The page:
Bartonellosis, known also by the eponym Carrión's disease, has long been associated with the Peruvian Andes. From pre-Inca times, through the Spanish Conquest, to the “Guano Age” of the 19th century and up to the modern period, Carrión's disease has been said to have played a role in the life of Perú. The history of this exotic disease will be presented in this paper, with a discussion of the evidence for and against its attribution to major epidemics in the past. This exposition may introduce the reader to a segment of medical history that has for many years been a subject of special interest to Peruvian scholars.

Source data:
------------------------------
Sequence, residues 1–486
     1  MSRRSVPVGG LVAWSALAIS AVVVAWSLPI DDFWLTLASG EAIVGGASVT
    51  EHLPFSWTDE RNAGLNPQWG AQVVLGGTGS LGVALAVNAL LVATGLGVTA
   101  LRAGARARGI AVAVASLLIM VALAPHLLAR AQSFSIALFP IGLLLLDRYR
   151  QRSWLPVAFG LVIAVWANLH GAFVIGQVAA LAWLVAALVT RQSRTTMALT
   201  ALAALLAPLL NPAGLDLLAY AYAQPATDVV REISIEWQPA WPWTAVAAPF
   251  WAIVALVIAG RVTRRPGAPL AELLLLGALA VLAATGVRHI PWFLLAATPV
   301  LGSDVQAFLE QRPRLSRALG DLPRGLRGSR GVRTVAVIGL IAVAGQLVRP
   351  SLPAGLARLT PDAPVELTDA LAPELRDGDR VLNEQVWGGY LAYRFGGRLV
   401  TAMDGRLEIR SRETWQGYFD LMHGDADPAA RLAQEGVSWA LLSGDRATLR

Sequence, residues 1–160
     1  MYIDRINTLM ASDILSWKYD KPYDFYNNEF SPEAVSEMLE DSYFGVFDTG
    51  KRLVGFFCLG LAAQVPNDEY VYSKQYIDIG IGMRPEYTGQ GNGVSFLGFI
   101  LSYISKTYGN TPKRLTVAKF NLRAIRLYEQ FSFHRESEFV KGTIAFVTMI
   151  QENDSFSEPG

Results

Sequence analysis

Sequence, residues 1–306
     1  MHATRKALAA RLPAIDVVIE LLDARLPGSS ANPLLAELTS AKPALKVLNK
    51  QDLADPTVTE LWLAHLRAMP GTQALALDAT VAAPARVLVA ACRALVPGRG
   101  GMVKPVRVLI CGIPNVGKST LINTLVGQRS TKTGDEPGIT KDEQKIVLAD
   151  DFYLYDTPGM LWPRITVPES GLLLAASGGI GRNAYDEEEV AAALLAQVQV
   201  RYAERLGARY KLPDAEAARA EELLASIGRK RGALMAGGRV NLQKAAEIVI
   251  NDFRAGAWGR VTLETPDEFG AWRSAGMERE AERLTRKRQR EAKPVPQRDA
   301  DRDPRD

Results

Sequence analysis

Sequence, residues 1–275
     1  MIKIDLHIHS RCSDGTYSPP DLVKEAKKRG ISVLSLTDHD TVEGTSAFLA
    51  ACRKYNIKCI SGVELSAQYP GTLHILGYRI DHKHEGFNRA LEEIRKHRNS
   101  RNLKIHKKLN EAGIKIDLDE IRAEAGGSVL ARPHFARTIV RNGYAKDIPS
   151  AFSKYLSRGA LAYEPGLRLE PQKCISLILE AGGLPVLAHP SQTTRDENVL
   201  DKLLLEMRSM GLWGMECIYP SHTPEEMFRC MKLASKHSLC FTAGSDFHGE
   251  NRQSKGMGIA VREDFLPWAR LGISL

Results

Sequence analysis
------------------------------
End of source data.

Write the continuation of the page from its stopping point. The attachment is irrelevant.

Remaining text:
Bartonellosis is a disease unusual in its manifestations. The causative organism, Bartonella bacilliformis, actually causes two illnesses that are strikingly different in their appearance and in their underlying pathologic processes. In addition to causing nonclinical asymptomatic infections, this organism can produce either one or both of the syndromes known as Oroya fever and verruga peruana.